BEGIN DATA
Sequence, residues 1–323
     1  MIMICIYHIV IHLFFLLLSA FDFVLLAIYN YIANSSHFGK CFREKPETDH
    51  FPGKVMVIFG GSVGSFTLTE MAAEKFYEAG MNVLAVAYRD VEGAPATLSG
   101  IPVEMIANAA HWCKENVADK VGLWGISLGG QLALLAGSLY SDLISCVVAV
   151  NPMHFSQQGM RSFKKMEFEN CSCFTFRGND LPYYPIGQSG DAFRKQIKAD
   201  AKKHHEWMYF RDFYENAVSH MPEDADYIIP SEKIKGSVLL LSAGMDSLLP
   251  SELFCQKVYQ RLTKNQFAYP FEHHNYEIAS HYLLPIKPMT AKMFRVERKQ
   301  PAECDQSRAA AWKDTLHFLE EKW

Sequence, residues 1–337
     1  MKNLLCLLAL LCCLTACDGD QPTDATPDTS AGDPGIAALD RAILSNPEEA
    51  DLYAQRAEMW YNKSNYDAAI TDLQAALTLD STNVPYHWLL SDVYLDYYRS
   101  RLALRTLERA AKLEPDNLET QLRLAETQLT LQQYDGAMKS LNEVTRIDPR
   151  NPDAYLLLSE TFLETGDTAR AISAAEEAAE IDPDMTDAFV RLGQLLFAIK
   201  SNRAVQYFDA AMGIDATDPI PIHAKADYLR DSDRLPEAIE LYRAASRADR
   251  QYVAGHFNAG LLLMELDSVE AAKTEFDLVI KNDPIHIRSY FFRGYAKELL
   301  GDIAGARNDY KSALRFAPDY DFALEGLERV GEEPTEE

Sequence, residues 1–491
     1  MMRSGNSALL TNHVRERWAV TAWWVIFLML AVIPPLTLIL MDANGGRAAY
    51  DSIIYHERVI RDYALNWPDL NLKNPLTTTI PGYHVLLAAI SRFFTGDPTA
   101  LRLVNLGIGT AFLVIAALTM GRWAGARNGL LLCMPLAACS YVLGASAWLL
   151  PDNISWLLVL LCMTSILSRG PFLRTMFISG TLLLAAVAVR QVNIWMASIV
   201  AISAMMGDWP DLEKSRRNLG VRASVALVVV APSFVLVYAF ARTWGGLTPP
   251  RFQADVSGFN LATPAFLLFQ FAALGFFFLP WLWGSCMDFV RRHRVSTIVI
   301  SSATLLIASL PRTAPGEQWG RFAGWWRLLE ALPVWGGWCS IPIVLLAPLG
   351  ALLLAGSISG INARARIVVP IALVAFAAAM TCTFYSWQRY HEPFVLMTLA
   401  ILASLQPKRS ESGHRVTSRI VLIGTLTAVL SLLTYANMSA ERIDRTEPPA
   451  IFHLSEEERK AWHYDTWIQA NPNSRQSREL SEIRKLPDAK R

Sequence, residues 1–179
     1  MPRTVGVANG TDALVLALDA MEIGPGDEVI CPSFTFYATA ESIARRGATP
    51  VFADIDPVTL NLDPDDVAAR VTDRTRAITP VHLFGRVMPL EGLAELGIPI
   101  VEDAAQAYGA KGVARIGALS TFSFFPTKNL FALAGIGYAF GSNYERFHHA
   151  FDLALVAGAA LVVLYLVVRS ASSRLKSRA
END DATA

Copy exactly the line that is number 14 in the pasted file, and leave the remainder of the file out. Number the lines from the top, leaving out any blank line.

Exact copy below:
   201  SNRAVQYFDA AMGIDATDPI PIHAKADYLR DSDRLPEAIE LYRAASRADR